I didn’t realise until I started research for this article that 42-year-old Singaporean architect Pan Yi Cheng had designed spaces for several friends of mine – spaces I had sat in countless times.
If anyone remembers Willin Low’s Wild Rocket restaurant, the cave of complex interlocking timber is a Pan design. As I dug more into his portfolio, I found Pan’s design’s striking, organic and thoughtful. More than just functional design, there is a clear sense of narrative, of storytelling, that is foundational in his approach to designing a space, be it an office, a restaurant, a boutique or a house.
What has made Produce, Pan’s most highly recognised studio (he has three – the other two are named Type0 and Superstructure), notable, on top of the strength of Pan’s designs, is that it was the first studio set-up with full prototyping capabilities.
Pan calls it a “design and make studio” in that they can create and produce bespoke solutions for clients. Most firms outsource all construction and prototyping, so having these capabilities in-house has allowed Pan and his team to be more creative and more experimental, while also championing sustainable materials.
Meet the ‘misfit’ artist who dreamt up ART-ZOO, Singapore’s coolest giant inflatable playgrounds
EVEN FROM YOUNG, WERE YOU ALWAYS INTO DESIGN?
I was into drawing, sculpting and making things with my hands. I loved doing school projects. I remember making a diorama of the solar system with a light bulb as the sun.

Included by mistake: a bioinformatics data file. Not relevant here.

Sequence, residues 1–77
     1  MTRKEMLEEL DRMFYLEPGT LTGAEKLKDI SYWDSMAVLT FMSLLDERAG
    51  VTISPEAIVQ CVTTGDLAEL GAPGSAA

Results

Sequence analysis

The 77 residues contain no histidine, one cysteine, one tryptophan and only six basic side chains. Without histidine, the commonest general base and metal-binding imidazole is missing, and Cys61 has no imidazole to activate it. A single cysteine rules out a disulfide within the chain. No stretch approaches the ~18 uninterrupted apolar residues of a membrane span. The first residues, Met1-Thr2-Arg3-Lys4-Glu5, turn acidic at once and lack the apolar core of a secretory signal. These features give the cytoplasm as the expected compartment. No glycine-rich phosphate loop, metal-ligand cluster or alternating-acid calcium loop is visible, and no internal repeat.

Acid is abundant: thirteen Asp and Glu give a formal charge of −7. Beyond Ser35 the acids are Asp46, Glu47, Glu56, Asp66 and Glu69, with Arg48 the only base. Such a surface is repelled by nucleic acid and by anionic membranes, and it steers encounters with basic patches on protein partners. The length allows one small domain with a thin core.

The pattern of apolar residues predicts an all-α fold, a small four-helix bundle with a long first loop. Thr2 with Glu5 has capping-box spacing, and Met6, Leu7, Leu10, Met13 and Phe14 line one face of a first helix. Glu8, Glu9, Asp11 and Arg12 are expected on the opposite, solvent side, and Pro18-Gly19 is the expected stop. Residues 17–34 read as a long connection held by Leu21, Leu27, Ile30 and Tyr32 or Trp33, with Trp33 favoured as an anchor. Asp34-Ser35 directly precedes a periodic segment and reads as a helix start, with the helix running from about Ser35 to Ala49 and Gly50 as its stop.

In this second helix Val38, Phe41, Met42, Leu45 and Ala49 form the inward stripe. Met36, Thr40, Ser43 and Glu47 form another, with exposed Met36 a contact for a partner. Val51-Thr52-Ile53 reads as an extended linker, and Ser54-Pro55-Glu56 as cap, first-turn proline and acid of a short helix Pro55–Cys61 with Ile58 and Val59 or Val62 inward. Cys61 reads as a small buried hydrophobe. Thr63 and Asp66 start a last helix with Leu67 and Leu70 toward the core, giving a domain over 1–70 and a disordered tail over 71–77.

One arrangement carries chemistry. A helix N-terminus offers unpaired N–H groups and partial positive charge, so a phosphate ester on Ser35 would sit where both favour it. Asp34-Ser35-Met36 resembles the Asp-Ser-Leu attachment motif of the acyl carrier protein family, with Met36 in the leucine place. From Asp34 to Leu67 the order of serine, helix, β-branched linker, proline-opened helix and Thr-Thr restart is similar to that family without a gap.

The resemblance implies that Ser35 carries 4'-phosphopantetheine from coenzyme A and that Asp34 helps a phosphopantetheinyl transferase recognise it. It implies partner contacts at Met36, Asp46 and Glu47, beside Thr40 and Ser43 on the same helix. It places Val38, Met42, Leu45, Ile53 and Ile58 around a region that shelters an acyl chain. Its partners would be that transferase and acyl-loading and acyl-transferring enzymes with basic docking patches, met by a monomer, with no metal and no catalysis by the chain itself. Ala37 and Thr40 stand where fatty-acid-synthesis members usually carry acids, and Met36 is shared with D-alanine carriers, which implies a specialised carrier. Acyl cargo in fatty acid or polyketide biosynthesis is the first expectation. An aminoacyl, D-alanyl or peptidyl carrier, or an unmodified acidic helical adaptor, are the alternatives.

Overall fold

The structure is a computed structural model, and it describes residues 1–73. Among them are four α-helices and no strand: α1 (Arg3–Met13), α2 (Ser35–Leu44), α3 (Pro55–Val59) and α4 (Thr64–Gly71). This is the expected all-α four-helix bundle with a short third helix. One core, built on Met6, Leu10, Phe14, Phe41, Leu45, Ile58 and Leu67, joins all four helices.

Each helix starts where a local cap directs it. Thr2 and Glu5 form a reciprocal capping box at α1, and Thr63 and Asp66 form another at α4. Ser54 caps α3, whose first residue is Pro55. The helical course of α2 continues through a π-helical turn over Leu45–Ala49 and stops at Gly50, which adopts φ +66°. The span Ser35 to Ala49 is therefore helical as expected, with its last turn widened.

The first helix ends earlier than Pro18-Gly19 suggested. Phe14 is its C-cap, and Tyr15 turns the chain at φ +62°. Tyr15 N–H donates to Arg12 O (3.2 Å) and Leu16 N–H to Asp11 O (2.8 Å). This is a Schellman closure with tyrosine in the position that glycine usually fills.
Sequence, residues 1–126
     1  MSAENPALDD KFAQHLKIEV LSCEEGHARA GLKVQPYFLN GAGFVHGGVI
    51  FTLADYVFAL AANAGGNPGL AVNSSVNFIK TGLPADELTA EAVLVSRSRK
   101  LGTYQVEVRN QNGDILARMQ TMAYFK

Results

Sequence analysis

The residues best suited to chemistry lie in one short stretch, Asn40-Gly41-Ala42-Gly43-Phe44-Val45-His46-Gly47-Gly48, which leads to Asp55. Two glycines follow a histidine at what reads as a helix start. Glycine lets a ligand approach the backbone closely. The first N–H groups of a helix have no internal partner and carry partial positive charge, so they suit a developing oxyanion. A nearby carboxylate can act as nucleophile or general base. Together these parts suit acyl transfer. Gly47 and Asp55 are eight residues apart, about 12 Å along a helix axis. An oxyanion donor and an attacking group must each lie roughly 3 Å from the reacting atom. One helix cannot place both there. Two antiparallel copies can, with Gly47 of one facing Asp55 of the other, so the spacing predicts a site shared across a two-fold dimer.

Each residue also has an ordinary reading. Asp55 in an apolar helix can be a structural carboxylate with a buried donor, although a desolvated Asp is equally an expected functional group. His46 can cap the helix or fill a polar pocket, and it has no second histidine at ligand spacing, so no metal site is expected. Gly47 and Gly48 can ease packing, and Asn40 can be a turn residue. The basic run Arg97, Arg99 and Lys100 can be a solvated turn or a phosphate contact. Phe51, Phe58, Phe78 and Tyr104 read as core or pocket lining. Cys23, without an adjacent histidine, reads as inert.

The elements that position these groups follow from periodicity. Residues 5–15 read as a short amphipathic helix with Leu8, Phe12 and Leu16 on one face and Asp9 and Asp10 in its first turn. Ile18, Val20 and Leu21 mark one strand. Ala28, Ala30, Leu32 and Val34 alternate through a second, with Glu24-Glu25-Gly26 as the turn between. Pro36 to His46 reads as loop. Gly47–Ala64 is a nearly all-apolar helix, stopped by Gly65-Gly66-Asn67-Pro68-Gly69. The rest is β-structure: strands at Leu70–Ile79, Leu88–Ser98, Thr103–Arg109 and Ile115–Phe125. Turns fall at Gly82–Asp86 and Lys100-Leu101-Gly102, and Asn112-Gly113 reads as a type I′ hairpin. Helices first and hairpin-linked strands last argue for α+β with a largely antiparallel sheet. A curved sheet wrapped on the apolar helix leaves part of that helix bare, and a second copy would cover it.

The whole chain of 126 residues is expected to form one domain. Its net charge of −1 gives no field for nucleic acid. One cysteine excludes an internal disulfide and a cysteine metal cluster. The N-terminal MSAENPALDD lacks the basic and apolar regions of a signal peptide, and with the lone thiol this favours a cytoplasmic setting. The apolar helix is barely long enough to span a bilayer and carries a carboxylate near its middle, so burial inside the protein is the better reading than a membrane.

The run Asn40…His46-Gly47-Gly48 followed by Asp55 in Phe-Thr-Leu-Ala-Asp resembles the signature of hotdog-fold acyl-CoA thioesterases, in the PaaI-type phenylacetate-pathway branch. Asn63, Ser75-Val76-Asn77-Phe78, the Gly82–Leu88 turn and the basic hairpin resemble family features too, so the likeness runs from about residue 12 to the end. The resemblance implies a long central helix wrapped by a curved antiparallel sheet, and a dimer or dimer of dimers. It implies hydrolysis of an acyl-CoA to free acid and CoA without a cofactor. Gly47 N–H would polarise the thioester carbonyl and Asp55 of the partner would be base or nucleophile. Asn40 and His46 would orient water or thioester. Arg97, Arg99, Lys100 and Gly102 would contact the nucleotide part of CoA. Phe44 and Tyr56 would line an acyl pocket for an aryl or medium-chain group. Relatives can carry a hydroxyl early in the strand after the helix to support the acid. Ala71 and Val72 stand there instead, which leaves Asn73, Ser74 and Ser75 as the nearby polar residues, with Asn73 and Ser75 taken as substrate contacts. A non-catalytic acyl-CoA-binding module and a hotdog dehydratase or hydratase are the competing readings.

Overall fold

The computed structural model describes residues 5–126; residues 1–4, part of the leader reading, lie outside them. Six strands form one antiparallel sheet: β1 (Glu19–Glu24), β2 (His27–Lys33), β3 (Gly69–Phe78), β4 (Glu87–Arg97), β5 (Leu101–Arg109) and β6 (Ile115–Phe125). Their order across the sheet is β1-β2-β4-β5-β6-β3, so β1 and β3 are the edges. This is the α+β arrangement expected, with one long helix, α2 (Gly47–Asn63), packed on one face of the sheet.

WHAT DREW YOU TO ARCHITECTURE?
I wanted to live in my drawings and I decided that architecture could be, for me, the highest form of art.
YOU WERE PRETTY YOUNG WHEN YOU STARTED YOUR FIRST CONSULTANCY BUSINESS PAC. WHAT GAVE YOU THE CONFIDENCE TO WORK FOR YOURSELF?
I was 30. I was approached by a schoolmate whose family is a developer in China to start an office together. I had worked for four years in London and Amsterdam after I graduated. During this time I was involved with and led a couple of award-winning architectural competitions. I had a strong yearning to further my research on architecture and urbanism in real projects so when the opportunity arose, I leapt onto it.
IS PRODUCE A METAMORPHOSIS OF PAC OR WAS IT A COMPLETELY DIFFERENT BUSINESS TO YOU?
It was completely different. I had run PAC as design director for three years and the main type of projects where speculative urban design projects in China that were, unfortunately, too large and depended on a myriad of external relational circumstances that were beyond the premise of the project. So after three years, I had not accumulated any built portfolio and it was very difficult to pitch for building projects. We were rejected countless times not because of design but track record.
At the end of 2012, we completed our only built project, which was the Xtra + Herman Miller Shop-in-shop at Parkmall.